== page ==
Lives of all saints commemorated on January 4


Forefeast of the Theophany of our Lord and Savior Jesus Christ

The third day of the Forefeast of Theophany falls on January 4. The hymns compare the Feast of the Nativity with the coming Feast. “There shepherds saw the Child and were amazed; here the voice of the Father proclaims the only-begotten Son.”


Synaxis of the Seventy Apostles

The Synaxis of the Seventy Apostles was established by the Orthodox Church to indicate the equal honor of each of the Seventy. They were sent two by two by the Lord Jesus Christ to go before Him into the cities He would visit (Luke 10:1).

Besides the celebration of the Synaxis of the Holy Disciples, the Church celebrates the memory of each of them during the course of the year:

St James the Brother of the Lord (October 23); Mark the Evangelist (April 25); Luke the Evangelist (October 18); Cleopas (October 30), brother of St Joseph the Betrothed, and Simeon his son (April 27); Barnabas (June 11); Joses, or Joseph, named Barsabas or Justus (October 30); Thaddeus (August 21); Ananias (October 1); Protomartyr Stephen the Archdeacon (December 27); Philip the Deacon (October 11); Prochorus the Deacon (28 July); Nicanor the Deacon (July 28 and December 28); Timon the Deacon (July 28 and December 30); Parmenas the Deacon (July 28); Timothy (January 22); Titus (August 25); Philemon (November 22 and February 19); Onesimus (February 15); Epaphras and Archippus (November 22 and February 19); Silas, Silvanus, Crescens or Criscus (July 30); Crispus and Epaenetos (July 30); Andronicus (May 17 and July 30); Stachys, Amplias, Urban, Narcissus, Apelles (October 31); Aristobulus (October 31 and March 16); Herodion or Rodion (April 8 and November 10); Agabus, Rufus, Asyncritus, Phlegon (April 8); Hermas (November 5, November 30 and May 31); Patrobas (November 5); Hermes (April 8); Linus, Gaius, Philologus (November 5); Lucius (September 10); Jason (April 28); Sosipater (April 28 and November 10); Olympas or Olympanus (November 10 ); Tertius (October 30 and November 10); Erastos (November 30), Quartus (November 10); Euodius (September 7); Onesiphorus (September 7 and December 8); Clement (November 25); Sosthenes (December 8); Apollos (March 30 and December 8); Tychicus, Epaphroditus (December 8); Carpus (May 26); Quadratus (September 21); Mark (September 27), called John, Zeno (September 27); Aristarchus (April 15 and September 27); Pudens and Trophimus (April 15); Mark nephew of Barnabas, Artemas (October 30); Aquila (July 14); Fortunatus (June 15) and Achaicus (January 4).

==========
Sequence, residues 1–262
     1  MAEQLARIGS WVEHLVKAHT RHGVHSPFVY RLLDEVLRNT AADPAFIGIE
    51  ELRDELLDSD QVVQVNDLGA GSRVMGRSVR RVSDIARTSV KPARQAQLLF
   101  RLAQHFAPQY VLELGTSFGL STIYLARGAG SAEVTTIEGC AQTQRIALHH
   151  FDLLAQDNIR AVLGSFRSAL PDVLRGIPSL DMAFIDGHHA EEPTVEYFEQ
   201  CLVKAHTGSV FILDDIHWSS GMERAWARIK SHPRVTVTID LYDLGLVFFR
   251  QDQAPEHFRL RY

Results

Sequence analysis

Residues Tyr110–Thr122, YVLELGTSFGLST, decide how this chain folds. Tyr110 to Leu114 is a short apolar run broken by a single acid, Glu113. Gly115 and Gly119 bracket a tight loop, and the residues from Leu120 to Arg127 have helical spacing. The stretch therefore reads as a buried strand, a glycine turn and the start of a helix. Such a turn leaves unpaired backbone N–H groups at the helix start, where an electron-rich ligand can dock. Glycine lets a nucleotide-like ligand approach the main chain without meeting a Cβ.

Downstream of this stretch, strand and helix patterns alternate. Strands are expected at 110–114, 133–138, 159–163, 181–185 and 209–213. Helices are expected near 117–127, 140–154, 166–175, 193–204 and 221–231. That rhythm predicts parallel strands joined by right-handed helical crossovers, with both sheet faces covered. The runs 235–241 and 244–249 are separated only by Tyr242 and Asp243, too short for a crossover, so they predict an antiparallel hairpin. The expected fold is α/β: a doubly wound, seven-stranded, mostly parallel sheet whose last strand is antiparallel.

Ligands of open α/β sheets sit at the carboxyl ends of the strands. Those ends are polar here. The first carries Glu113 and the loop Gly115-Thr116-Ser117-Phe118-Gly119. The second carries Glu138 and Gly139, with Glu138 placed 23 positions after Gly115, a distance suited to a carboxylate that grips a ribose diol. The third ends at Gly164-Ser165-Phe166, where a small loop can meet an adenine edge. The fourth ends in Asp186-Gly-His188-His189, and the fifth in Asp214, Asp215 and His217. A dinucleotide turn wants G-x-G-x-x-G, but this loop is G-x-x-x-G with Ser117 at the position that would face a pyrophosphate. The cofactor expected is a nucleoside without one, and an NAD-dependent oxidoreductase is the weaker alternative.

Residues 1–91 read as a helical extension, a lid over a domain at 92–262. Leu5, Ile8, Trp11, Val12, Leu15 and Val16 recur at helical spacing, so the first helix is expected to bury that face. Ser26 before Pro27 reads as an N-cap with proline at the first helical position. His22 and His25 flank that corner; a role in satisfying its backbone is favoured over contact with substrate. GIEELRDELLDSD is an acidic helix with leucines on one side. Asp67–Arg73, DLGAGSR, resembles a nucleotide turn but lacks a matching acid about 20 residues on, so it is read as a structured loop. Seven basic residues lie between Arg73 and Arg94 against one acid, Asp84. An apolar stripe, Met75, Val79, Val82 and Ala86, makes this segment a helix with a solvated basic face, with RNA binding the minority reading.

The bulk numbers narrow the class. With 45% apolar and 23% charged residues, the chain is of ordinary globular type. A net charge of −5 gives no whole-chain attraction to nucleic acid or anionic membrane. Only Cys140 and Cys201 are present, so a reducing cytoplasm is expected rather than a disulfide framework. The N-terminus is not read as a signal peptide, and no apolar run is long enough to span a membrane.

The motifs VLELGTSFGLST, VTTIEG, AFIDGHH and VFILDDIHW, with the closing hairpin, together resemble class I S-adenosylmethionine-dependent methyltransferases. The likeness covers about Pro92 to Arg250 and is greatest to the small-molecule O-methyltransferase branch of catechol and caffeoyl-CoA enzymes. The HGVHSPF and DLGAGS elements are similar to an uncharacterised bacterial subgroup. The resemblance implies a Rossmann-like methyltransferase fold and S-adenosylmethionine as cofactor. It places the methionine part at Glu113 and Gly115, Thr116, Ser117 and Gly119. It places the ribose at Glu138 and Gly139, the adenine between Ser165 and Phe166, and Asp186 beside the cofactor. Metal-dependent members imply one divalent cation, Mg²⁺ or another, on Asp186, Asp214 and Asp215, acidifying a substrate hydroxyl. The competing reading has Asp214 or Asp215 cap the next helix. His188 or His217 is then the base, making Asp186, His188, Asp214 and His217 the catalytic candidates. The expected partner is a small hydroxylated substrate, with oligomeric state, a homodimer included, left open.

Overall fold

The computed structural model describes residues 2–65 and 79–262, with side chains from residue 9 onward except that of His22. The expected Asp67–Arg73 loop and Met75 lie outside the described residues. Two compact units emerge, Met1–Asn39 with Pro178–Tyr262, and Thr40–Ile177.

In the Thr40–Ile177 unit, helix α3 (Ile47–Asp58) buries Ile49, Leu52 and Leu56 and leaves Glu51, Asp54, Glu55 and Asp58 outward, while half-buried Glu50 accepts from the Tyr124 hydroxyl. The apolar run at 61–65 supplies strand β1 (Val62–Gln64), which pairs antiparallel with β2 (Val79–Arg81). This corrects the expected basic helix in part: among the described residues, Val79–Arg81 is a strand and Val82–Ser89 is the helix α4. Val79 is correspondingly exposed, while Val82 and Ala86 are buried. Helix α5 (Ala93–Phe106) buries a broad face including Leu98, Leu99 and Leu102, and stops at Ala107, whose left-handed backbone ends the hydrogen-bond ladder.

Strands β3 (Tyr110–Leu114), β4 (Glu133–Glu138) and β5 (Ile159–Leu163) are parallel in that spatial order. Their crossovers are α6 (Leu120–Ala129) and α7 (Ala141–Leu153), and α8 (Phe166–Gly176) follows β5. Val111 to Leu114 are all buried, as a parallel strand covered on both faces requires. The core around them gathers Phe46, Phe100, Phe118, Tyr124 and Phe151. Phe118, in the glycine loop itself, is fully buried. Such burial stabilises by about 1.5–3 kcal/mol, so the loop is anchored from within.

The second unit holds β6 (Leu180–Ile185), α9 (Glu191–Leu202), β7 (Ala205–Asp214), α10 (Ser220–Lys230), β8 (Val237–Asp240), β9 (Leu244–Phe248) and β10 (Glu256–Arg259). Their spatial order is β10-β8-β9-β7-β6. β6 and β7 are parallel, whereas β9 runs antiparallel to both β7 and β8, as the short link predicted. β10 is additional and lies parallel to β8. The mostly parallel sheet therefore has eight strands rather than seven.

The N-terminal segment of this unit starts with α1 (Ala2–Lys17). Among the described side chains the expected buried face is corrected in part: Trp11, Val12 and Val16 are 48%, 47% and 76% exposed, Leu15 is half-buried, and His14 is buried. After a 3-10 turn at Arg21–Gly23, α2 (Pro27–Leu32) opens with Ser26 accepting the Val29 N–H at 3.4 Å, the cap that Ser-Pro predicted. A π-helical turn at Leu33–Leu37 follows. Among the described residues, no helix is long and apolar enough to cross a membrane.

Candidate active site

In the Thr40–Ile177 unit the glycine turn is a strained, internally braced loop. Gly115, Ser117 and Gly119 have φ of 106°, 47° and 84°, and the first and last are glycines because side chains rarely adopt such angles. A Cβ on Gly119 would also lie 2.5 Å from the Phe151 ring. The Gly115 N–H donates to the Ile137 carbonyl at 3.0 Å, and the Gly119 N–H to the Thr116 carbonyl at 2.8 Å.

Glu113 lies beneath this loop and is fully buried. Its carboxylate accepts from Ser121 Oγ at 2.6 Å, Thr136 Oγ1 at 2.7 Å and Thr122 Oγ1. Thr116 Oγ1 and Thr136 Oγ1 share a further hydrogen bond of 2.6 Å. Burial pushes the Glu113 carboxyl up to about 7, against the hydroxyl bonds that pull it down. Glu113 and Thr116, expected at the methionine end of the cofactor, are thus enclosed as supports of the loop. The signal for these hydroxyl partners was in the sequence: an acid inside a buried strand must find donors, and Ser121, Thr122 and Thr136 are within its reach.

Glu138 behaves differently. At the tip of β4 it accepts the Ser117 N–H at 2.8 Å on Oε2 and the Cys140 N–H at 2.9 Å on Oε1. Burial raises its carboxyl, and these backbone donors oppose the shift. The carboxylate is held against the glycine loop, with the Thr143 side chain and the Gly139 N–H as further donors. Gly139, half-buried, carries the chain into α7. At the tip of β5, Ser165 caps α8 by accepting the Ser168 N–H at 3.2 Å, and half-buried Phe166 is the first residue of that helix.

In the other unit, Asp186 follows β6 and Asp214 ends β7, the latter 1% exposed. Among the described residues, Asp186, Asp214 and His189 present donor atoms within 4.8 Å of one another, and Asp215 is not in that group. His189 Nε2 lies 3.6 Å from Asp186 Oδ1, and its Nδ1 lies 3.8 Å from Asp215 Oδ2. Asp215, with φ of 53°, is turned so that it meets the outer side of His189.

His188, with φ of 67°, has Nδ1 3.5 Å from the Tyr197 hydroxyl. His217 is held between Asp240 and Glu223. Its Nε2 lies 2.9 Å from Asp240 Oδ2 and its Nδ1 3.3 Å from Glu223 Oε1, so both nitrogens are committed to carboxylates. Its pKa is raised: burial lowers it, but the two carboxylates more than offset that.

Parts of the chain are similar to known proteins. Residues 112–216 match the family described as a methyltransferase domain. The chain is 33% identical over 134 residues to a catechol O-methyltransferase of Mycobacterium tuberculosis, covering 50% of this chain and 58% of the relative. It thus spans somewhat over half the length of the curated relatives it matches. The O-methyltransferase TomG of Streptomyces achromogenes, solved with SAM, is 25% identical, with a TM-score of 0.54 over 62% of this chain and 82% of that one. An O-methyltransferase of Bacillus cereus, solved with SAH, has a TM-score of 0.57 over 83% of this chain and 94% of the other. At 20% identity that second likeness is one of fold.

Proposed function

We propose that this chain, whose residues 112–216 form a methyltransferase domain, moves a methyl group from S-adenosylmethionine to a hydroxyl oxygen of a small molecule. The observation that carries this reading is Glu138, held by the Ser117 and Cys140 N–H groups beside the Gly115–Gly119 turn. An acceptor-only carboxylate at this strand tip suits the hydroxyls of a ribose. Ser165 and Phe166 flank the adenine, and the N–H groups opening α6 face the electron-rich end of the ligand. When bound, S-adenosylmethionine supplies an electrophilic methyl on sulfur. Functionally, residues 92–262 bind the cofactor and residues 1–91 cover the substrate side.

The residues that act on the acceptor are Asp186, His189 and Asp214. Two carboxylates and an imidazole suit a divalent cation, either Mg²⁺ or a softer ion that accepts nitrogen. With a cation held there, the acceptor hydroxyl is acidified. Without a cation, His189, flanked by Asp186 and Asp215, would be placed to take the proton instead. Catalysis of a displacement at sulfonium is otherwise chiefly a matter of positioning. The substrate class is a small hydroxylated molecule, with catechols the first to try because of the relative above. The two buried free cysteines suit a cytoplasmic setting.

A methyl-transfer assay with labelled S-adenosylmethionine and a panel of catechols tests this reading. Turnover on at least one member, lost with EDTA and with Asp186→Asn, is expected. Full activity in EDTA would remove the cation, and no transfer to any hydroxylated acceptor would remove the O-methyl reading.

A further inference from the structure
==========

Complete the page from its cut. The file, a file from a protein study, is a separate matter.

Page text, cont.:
With the Descent of the Holy Spirit the Seventy Apostles preached in various lands. Some accompanied the Twelve Apostles, like the holy Evangelists Mark and Luke, or St Paul’s companion Timothy, or Prochorus,the disciple of the holy Evangelist John the Theologian, and others. Many of them were thrown into prison for Christ, and many received the crown of martyrdom.

There are two more Apostles of the Seventy: St Cephas, to whom the Lord appeared after the Resurrection (1 Cor. 15:5-6), and Simeon, called Niger (Acts 13:1). They also were glorified by apostolic preaching.

There are discrepancies and errors in some lists of the Seventy Apostles. In a list attributed to St Dorotheus of Tyre (June 5) some names are repeated (Rodion, or Herodion, Apollos, Tychicus, Aristarchus), while others are omitted (Timothy, Titus, Epaphras, Archippus, Aquila, Olympas). St Demetrius of Rostov consulted the Holy Scripture, the traditions passed down by the Fathers, and the accounts of trustworthy historians when he attempted to correct the mistakes and uncertainties in the list in compiling his collection of Lives of the Saints.

The Church in particular venerates and praises the Seventy Apostles because they taught us to honor the Trinity One in Essence and Undivided.

In the ninth century St Joseph the Hymnographer composed the Canon for the Synaxis of the Seventy Apostles of Christ.


Apostle James, of the Seventy, the Brother of the Lord

Holy Apostle James, the Brother of God (Adelphotheos) was the son of Righteous Joseph the Betrothed of the Most Holy Theotokos (December 26). From his early years James was a Nazarene, a man especially dedicated to God. The Nazarenes vowed to preserve their virginity, to abstain from wine, to refrain from eating meat, and not to cut their hair. The vow of the Nazarenes symbolized a life of holiness and purity, commanded formerly by the Lord for all Israel. When the Savior began to teach the nation about the Kingdom of God, St James believed in Christ and became His apostle. He was chosen as the first Bishop of Jerusalem.